Wednesday, June 16, 2010

forced entry #415

i have a friend whos birthday is today. he's turning thirty six years. in some context, that's pretty old. but in others, hes still a kid. its funny, as the years go by and we grow in age, we are simultaneously reminded of how old we are getting, and how young we still are.

when i refer to people in their mid twenties, i do it in a fashion that suggest they are still infantile in many ways, that supposes they have much to learn, and that there is still an innocence about them that, if they are smart, they will treasure and not take for granted. at the same time, when i was in my mid twenties i felt mortality begin to close in upon me, the suffocation of adulthood had begun to settle, and i assumed a weariness that has yet to go away.

now im closing in on my mid thirties and the sensation of time falling away too quickly always leaves me in a panic. i wake up with this sick sense of urgency that i never felt before. the feeling of unaccomplishment pervades in me. i have to get things done. if i dont it will be too late.

my friend though, he has other ideas about life. another year comes and goes and he maintains the slow, steady pace he has been on since i met him in high school. he still lives with his mother. he still brags about the things he will accomplish, the dreams that are never quite in his reach, the goals he hopes he'll eventually achieve. for work, he owns a small, insignificant car detailing business, which he inherited from his brother ten years ago, and proceeded to squander as the decade wore on. what was once a two thousand dollar a week business now maybe nets him fifteen hundred dollars a month. he commutes to the city from the suburbs, every night, to meet with his friends and drink cheap beer while hitting on women who are getting increasingly too young for him. hes been doing this since we were sixteen.

i tell him to move from his mothers place. i plead with him to escape [thats what it would be, an escape]. he agrees that he should, but then goes over the list of reasons why there is no way he can. he explains how he needs to save money for a place. how he ruined the little bit of credit he had when he was younger, so its difficult to find a place of his own. how his small number of clients are all over the bridge or through the tunnel, not far from his mothers place, deep in the dull streets of suburbia. he says he cant find anyone who he would want to live with, then goes over the failed attempts hes made at finding a place with friends he COULD tolerate [all those friends eventually found places on their own, hes the only one that remained defeated in the ventures]. finally he admits that, at this stage in his life, the prospect of moving out and onto his own, is a profoundly frightening pursuit.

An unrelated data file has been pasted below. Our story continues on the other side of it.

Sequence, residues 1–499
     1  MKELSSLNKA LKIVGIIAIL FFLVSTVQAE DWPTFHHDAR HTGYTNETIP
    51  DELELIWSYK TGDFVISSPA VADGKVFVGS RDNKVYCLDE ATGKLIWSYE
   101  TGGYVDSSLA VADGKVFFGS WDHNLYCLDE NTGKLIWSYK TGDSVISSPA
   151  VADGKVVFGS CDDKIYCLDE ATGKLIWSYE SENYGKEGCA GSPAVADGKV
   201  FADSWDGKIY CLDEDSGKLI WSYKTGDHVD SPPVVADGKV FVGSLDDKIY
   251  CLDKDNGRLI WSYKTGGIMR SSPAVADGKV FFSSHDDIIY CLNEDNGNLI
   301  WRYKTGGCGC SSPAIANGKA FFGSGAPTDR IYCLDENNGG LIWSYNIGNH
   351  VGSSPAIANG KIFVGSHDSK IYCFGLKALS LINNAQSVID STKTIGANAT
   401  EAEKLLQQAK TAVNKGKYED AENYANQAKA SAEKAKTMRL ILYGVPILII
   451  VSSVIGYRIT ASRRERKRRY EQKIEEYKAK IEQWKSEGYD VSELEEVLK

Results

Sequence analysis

i agree, it must be.

i wonder sometimes if its too late for him to move. that he is so deeply settled into this rut, that it would be harder work to get out of it than it would be to just go on as it is. hes let his childhood firmly wrap itself around his entire life. his security blanket is attached to his skin. he goes no where without it, he cant. he is a shining example of a person in arrested development.

oh well, this just came to me as i sat down at the old computer. i dont fault the guy for it. maybe id do the same thing if i could. happy birthday bro, i hope you never see this post.


Blogger Snooze said...

"maybe id do the same thing if i could" - ain't that the truth for many of us? Necessity keeps us going. I was quite sheltered and allowed a lot of control over my life because it was easy. I hope your friend never sees this post either, but I found you wrote with affection and insight and concern - not judgement. You really have a gift for writing.Really, any of my friends could have written the same about me - and they'd still be awesome friends.

7:45 AM EDT  

Post a Comment

Subscribe to Post Comments [Atom]

Links to this post:

Create a Link

<< Home

Creative Commons License
:gray matters: by jkg is licensed under a Creative Commons Attribution-No Derivative Works 3.0 United States License.
Based on a work at